To understand that, you need to revisit an influential article published in Foreign Affairs in 2008 by Richard Haass. It’s called “The Age of Nonpolarity,” and Haass wrote it as he was advising presidential candidates behind the scenes in both parties.
Haass, the longtime president of the nonpartisan Council on Foreign Relations (and before that a staffer for President Jimmy Carter and the two Bushes), painted a grim picture of an unsettled, chaotic and dangerously diffuse world Familiar methods of diplomacy, statecraft and war had become feeble, if not useless, in the 21st century, he wrote. The ages of “unipolar” power (i.e., a dominant United States) were over; so were the times of “multi-polar” power, such as the first half of the 20th century.
Now the world faced a free-for-all in which “non-state actors” -- terrorists, global corporations, religious and ethnic tribes, sovereign wealth funds and nonprofit charities, to name a few -- were as crucial as countries in shaping the order of a “nonpolar” world.
To be clear, non-state actors -- which also include alliances such as the United Nations and the European Union, "civil society" foundations and academic institutions -- could be forces for healing as well as mayhem. As Haass noted more recently to The Huffington Post, "If you are talking about education or health care globally, for example, it wouldn't make any sense not to have the Gates Foundation involved." But still these new entities do not follow the familiar playbook of nations.
The Internet and international floods of capital were empowering these non-state players, Haass wrote in 2008. No nation or set of nations was “in charge.” Ethnic, religious and regional rivalries had been set free by the weakness of nation-states, and by an Internet that enables digital forces who couldn't care less about the wisdom of Metternich or Gorbachev-Reagan diplomacy.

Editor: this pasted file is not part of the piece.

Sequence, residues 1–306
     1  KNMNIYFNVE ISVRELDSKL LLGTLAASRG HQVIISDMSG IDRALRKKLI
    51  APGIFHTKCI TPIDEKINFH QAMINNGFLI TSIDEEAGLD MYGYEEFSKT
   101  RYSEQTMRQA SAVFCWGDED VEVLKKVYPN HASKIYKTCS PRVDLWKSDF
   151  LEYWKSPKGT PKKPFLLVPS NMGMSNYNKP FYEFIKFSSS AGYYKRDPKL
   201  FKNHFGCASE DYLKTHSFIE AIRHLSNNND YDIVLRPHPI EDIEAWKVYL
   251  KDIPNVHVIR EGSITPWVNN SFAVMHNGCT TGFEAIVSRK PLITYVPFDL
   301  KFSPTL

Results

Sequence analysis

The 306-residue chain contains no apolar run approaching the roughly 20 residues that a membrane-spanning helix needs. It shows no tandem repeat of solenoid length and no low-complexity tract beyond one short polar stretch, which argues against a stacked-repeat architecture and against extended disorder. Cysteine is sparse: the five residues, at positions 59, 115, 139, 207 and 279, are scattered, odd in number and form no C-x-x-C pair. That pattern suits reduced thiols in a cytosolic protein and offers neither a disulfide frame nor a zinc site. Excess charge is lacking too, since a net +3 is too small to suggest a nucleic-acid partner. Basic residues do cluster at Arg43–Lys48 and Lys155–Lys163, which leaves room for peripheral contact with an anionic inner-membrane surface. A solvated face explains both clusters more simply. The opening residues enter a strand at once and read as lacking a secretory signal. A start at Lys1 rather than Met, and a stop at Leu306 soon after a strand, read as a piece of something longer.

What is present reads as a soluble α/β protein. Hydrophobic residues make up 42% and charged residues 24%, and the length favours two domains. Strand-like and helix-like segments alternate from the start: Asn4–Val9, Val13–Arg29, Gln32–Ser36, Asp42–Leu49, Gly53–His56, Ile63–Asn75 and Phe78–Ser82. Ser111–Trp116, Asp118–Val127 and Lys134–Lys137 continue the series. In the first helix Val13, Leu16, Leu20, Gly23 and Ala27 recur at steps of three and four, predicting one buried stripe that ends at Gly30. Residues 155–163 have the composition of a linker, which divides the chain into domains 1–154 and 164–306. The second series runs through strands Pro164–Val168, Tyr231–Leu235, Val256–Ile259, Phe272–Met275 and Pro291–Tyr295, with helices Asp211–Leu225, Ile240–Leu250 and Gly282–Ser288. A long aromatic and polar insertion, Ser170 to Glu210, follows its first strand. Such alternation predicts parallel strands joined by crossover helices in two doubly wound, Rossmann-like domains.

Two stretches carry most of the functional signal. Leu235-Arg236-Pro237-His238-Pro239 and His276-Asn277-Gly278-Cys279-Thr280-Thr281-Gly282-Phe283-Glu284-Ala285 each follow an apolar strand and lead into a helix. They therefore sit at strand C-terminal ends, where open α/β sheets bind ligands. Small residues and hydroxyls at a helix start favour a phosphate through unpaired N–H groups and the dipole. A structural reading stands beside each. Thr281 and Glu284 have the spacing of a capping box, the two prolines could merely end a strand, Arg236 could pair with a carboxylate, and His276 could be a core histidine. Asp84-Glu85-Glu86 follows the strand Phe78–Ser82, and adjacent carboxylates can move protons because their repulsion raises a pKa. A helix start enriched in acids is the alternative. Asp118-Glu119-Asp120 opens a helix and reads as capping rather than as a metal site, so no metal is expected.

The U.S. had to figure out how to operate in this new world, in which my-way-or-the-highway wouldn’t work, and neither would traditional nation-to-nation “talks,” Haass wrote. Military power would be just as important as before, he wrote, but it would have to be shrewdly and surgically applied, and almost always in concert not only with other countries but with other non-state players.
Although Haass had spent many years working for Republicans, his article caught the eye of then-Sen. Obama. Early in his presidency, Obama journeyed to Cairo to give a speech designed to reach out to the Islamic world and, in doing so, to enunciate the core of his own global theory. He declared that the real America did not fit the “crude stereotype of a self-interested empire” -- and certainly would not do so while he was in charge.
The new interdependence of the world, the president said, was in conflict with a “human history [that] has often been a record of nations and tribes subjugating one another to serve their own interests.
“Yet, in this new age, such attitudes are self-defeating,” Obama said. “Given our interdependence, any world order that elevates one nation or group of people over another will inevitably fail. So whatever we think of the past, we must not be prisoners of it. Our problems must be dealt with through partnership; progress must be shared.”